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Roman Republic to Roman Empire
Start of the Roman Revolution By the second century B.C., the Senate had become the real governing body of the Roman state. Members of the Senate were usually wealthy landowners, and they remained Senators for life. Rome’s government had started out as a Republic in which citizens elected people to represent them. But the Senate was filled with wealthy aristocrats who were not elected. Rome was slowly turning into an aristocracy, and the majority of middle and lower class citizens began to resent it. Land was usually at the center of class struggles in Rome. The wealthy owned most of the land while the farmers had found themselves unable to compete financially with the wealthy landowners and had lost most of their lands. As a result, many of these small farmers drifted to the cities, especially Rome, forming a large class of landless poor. Changes in the Roman army soon brought even worse problems. Starting around 100 B.C. the Roman Republic was struggling in several areas. The first was the area of expansion. The territory of Rome was expanding quickly and the republic form of government could not make decisions and create stability for the new territories. The second major struggle was that due to expansion, the Republic was also experiencing problems with collecting taxes from its citizens. The larger area of the growing Roman territory created difficulties with collecting taxes from a larger population. Government officials had to go to each town, this would take several months to reach the whole extent of Roman territory. In addition, the Roman Republic struggled to have a strong police force. Without police it was difficult to enforce the laws and bring justice to those who committed crimes. Next, there was also a lot of corruption within the Roman Senate. Many Senators were only focused on gaining more power and not making decisions that were best for the civilization. Many Senators were also taking bribes. Many elections were rigged to support the wealthy, and not the plebeian class. Lastly, for the next 50 years (82-‐31 B.C.), Roman history was characterized by civil wars as a number of individuals competed for power. This increased violence in Rome. Three men eventually emerged as victors. Who is Julius Caesar? Julius Caesar was a great general and an important leader in ancient Rome. The people were angry that their government had not been able to solve the many problems facing the Republic. Julius Caesar spoke publicly to the people about these problems, and promised to solve them if he could.
The people supported Caesar. The people wanted to see Julius Caesar in a strong position of power so he could solve the problems facing the Republic. As Julius Caesar became more popular with the people, he also became more powerful.
Leaders in the Senate began to worry. They were afraid Julius Caesar might take over the government by force, and rule Rome as a king. After all, Caesar had his own army, one of the
finest, perhaps the finest. The leaders of ancient Rome had vowed that a king would never rule the Roman people again. Their worries were justified. They were right. Julius Caesar did want to take over the government.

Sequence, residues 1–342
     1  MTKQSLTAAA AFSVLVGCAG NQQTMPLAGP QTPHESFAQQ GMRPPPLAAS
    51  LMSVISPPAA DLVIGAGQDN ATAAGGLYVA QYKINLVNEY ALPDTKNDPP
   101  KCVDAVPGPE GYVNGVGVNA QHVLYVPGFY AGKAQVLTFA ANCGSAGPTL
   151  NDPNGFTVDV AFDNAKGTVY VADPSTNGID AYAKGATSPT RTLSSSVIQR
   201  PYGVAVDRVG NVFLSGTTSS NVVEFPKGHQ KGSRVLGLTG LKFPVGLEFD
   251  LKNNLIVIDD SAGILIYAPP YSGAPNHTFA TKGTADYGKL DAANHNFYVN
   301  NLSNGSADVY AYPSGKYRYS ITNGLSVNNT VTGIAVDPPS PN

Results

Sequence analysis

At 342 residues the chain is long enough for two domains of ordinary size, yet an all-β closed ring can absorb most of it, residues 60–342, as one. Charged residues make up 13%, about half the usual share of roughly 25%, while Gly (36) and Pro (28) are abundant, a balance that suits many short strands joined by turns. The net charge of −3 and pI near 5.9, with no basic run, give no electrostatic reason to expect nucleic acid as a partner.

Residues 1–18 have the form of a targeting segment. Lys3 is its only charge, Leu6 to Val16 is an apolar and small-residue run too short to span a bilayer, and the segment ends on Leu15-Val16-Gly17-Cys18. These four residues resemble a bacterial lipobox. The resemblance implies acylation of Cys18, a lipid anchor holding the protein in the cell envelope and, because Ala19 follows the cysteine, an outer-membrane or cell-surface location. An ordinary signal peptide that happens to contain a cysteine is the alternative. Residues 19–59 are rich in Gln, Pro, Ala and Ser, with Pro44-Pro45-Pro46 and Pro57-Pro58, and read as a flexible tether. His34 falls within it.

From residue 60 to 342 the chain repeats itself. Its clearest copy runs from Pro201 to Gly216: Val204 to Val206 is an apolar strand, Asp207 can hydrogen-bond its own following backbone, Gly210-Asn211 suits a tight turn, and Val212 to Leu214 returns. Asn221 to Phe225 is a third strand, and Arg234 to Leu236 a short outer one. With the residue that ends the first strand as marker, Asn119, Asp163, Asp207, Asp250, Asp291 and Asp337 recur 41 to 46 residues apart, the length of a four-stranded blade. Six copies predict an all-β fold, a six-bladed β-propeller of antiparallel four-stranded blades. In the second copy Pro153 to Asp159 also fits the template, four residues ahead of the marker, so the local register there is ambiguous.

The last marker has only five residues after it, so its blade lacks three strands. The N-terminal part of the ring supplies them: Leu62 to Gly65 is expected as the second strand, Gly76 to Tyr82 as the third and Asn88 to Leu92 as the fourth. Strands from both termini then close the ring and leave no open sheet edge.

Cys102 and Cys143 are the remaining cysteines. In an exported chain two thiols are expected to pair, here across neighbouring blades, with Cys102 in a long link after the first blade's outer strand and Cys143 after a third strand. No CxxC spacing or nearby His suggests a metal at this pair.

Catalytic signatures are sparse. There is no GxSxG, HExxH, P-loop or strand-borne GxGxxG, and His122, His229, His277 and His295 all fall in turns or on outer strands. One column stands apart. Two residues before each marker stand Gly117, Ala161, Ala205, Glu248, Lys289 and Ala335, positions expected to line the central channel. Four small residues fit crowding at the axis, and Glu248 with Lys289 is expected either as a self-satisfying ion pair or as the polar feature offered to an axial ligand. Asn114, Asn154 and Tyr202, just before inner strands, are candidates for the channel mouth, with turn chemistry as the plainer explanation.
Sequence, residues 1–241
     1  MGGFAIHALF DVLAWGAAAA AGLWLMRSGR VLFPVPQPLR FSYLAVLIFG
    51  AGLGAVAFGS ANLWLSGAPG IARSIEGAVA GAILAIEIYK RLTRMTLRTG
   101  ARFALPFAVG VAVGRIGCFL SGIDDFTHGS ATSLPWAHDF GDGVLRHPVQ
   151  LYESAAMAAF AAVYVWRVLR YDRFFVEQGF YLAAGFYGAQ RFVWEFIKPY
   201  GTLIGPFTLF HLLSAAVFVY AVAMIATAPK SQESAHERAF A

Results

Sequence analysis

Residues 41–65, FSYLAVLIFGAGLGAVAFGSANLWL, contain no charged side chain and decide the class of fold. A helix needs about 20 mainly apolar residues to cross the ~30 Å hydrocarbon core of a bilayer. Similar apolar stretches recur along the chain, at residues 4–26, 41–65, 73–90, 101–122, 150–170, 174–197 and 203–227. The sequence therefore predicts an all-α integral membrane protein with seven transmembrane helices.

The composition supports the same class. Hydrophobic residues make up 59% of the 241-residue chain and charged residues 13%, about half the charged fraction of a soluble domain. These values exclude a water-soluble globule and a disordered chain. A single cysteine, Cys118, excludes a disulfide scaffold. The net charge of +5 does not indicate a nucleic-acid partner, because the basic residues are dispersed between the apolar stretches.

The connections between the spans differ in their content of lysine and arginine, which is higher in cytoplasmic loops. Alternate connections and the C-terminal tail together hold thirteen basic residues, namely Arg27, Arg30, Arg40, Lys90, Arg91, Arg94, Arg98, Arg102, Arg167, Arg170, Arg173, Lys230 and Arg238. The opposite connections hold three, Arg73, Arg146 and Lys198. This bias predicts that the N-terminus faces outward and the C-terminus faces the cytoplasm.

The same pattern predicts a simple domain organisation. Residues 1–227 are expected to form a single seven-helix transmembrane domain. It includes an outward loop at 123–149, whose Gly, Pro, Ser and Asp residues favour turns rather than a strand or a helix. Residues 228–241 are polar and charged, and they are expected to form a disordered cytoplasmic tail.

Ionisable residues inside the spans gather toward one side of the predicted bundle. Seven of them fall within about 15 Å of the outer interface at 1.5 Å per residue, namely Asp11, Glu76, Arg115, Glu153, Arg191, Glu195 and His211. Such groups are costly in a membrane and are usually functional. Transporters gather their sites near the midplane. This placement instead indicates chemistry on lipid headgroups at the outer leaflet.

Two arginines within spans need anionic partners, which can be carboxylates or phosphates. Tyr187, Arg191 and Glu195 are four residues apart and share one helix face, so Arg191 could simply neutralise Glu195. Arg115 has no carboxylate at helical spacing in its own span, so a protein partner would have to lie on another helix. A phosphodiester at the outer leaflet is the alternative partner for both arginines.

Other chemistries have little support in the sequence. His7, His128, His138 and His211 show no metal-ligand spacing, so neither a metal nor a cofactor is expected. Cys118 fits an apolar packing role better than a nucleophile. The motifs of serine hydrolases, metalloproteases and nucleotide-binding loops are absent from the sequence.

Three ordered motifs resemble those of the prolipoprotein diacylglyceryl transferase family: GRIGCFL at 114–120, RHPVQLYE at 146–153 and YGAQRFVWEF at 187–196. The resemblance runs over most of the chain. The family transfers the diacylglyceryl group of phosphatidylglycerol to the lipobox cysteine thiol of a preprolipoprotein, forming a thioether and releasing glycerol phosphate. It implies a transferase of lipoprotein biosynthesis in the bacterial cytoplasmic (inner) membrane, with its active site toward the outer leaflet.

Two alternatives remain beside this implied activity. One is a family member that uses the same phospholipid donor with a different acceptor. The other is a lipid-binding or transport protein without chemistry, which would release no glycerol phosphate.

One of the laws of the original Twelve Tables was that no general could enter the city with his army. Julius Caesar ignored this law. In 49 BCE, he entered Rome with the Roman Legion, and took over the government. The poor people of Rome, who made up the bulk of the population, were glad. The people called him "father of the homeland“. The Senate was furious.
The First Triumvirate Triumvirate = 3 people ruling with equal power
In 60 B.C., Caesar joined with Marcus Crassus and Gnaeus Pompey to form the First Triumvirate. Crassus was known as the richest man in Rome. Pompey was a general (and also Caesar’s son-‐in-‐law) who had returned as a military hero from a successful command in Spain. Julius Caesar also had a military command in Spain. The combined wealth and power of these three men was enormous and allowed them to become very powerful. In 60 B.C., Caesar, Crassus and Pompey joined together to form the First Triumvirate, or a
government by three people with equal power. Pompey received command of Spain, Crassus was given command of Syria, and Caesar was given command of Gaul (modern-‐day France). When Crassus was killed in battle in 53 B.C., however, only two powerful men were left. Leading senators decided that rule by Pompey alone would be to their benefit. They voted for Caesar to lay down his command. Caesar refused. During his time in Gaul (modern France), his soldiers became loyal to him, not to Rome. He chose to move his army into Italy by illegally crossing the Rubicon River (to this day the phrase “crossing the Rubicon” is used to mean being unable to turn back because when Caesar made the decision to cross his army and attack, he would not be able to take it back). Caesar marched on Rome, starting a civil war between his forces and Pompey’s. Caesar chased Pompey into Egypt where Caesar met the beautiful female pharaoh Cleopatra and fell in love with her. Pompey was killed in Egypt in the eventual defeat of his forces. This left Caesar in control of the Roman government. He was officially made dictator in 45 B.C., but his decisions still had to be approved by the Senate. He enacted many reforms and had plans for many more, but in 44 B.C. he was assassinated by a group of Senators who had become afraid of Caesar’s power.
The Second Triumvirate After Caesar’s death, a new struggle began. Three men -‐ Octavian (Caesar’s heir and grandnephew); Marc Antony, Caesar’s ally and assistant; and Marcus Lepidus, who had been a commander of Caesar’s